Venus had many faces

Similar to other Roman gods, Venus had various functions in the lives of the people, resulting in different epithets, names which referred to her diverse aspects. As per J. Linderski (via Oxford Classical Dictionary) these were "either descriptions used informally or true names occurring in actual cult (attested in formulas, dedications, and names of temples), although strict distinction is not always possible." They could describe a character, special feature, geographical or local descriptions, connection with other gods, civic standing of a deity, or functions or manifestations of a deity. Venus was one of the goddesses who had many, over 30 different epithets.

Venus Felix was in charge of luck, impacting fate in one's favor. Venus Cloacina, the purifier, was known for bringing reconciliation and peace. Venus Heliopolitana was a direct descendant of Venus' mother goddesses, the Semitic goddess of love and hunting, Astarte. Venus Caelestis was portrayed as the supreme female goddess. Venus Victrix brought victory over men's hearts, while Venus Libitina overlooked funerals and undertakers. Venus Verticordia took care of promiscuous girls, while Venus Genetrix was the mother of the Roman state and aristocratic class (via Mythology Source).

She had many lovers

The Tale of the Bronze Net describes Venus' marriage to Vulcan, an old and unattractive god of the night. There was no love in this marriage, so when Venus met fit and charming Mars, she committed adultery in her matrimonial bed. The angry Vulcan decided to catch them red handed, so he created invisible bronze chains to trap the lively couple in the act. Venus and Mars got exposed, and according to Ovid's version of the story, the tale ended with the gods laughing at the infatuated couple. Homer's version, however, concludes with Neptune negotiating the couple's freedom and Venus returning to Cyprus (via ThoughtCo).

According to World History, while Venus never had a child with Vulcan, she was quite fertile with Mars, giving birth to Timor, Metus, Concordia, and Cupid. She also got involved with Hermes, giving birth to Hermaphroditos, and Fortuna. From her fling with Bacchus, Priapus was born, and there is some speculation that the Graces were also hers, although this is not confirmed (they are more often credited to Eurynome).

But the lover of her life, according to Ovid's "Metamorphosis," was Adonis, the most beautiful man who ever walked the earth. After Venus accidentally scratched herself with Cupid's arrow, she became obsessed with Adonis. She was willing to leave her goddess life behind and live in the woods with this heavenly mortal. But he was careless and got killed in a fight with a wild boar, which broke Venus's heart forever (via The Collector).

The mother of Cupid

As already mentioned, Venus and Mars (some sources mention Mercury) had many children. One of them was Cupid, also known as Eros in the Greek version of tale. With his magical bow and arrows, with which he could make people fall in love, Cupid is generally seen as a beneficial creature, a chubby child running around in tiny armor.

But, according to Time, originally, Eros wasn't as nice as the Roman version. He was known for bringing madness and obsession, the type of love that creates destruction. When the social status of women in Athens crumbled, around the 4th century B.C., the role of Eros changed as well –- his chaotic endeavors somehow became Venus' fault. Suddenly, she was responsible for all the destruction he caused, since these were all her ideas. Apparently, if the source of evil was a woman, and Eros was only an infant following her orders, people had nothing to be afraid of.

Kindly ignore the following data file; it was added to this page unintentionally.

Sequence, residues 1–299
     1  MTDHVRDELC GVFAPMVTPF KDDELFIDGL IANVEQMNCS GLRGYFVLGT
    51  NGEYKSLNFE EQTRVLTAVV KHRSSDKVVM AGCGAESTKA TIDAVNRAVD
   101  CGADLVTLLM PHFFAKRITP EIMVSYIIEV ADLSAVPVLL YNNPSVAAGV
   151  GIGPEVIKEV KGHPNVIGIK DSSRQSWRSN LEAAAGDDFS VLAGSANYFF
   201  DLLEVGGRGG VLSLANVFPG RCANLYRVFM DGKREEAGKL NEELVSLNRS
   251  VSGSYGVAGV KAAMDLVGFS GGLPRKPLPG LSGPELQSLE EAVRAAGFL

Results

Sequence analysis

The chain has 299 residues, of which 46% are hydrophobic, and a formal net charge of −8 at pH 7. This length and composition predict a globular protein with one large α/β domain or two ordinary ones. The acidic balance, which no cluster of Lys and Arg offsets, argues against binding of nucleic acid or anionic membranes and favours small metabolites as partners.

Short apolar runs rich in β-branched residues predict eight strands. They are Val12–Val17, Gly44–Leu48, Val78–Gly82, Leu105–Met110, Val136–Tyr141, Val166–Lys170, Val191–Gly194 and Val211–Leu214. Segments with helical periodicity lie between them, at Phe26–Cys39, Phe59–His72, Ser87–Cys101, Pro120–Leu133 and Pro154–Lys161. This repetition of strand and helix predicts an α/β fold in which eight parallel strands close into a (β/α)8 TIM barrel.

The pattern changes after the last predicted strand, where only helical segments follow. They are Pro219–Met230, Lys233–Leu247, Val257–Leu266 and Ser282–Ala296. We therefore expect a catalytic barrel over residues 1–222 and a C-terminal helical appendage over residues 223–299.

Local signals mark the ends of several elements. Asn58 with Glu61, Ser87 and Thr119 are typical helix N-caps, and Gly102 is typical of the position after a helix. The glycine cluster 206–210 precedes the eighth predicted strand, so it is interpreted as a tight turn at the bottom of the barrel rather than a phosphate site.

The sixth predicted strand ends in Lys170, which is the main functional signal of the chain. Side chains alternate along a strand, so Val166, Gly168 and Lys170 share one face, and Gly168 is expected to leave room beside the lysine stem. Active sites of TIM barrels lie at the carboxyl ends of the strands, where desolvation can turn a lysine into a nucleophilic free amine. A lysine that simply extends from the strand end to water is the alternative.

On one occasion, Eros shot an arrow at Apollo, who helplessly fell in love with the nymph Daphne. But, to make Apollo suffer, Eros also shot Daphne with a leaden arrow, which made her hate Apollo in return. In another story, Venus became jealous of the beautiful Psyche, so she tried to convince Cupid to make her fall in love with a monster. Cupid fell in love with Psyche instead and married her (via History).

Venus was born out of sea foam

One of the first written records of the myth of Venus (Aphrodite) can be found in the 8th-century poem "Theogony," composed by Greek poet Hesiod. This collection of oral traditions and myths is one of the main sources for early Greek mythology, along with the writings from Homer. These two collections served as a template for the majority of the later Greek literature as well as Roman mythology, compiled by Ovid (via World History). There are several different versions of this myth, in some versions the father is Saturn, in others Uranus, sometimes the location is different, and even the name of the goddess varies.  

The myth of Venus' creation tells a brutal story of violence, incestual family relations, and wild forces of nature. As per Brittany Hughes (via the Sydney Morning Herald), Gaia, the ultimate earth goddess, was tired of her relationship with her husband-son Uranus, god of sky. She convinced her other son Saturn (Kronos) -– the god of time –- to intervene. He cut off his father's penis and threw it into the sea. When flesh and blood merged with sea water, a foam started to develop. Traveling the Mediterranean sea, from the island Kythera all the way to Cyprus, when this foam reached the shore, Venus (Aphrodite) was born. Nature bloomed all around the goddess, who was accompanied by spirits of summer, winter, time, and good order.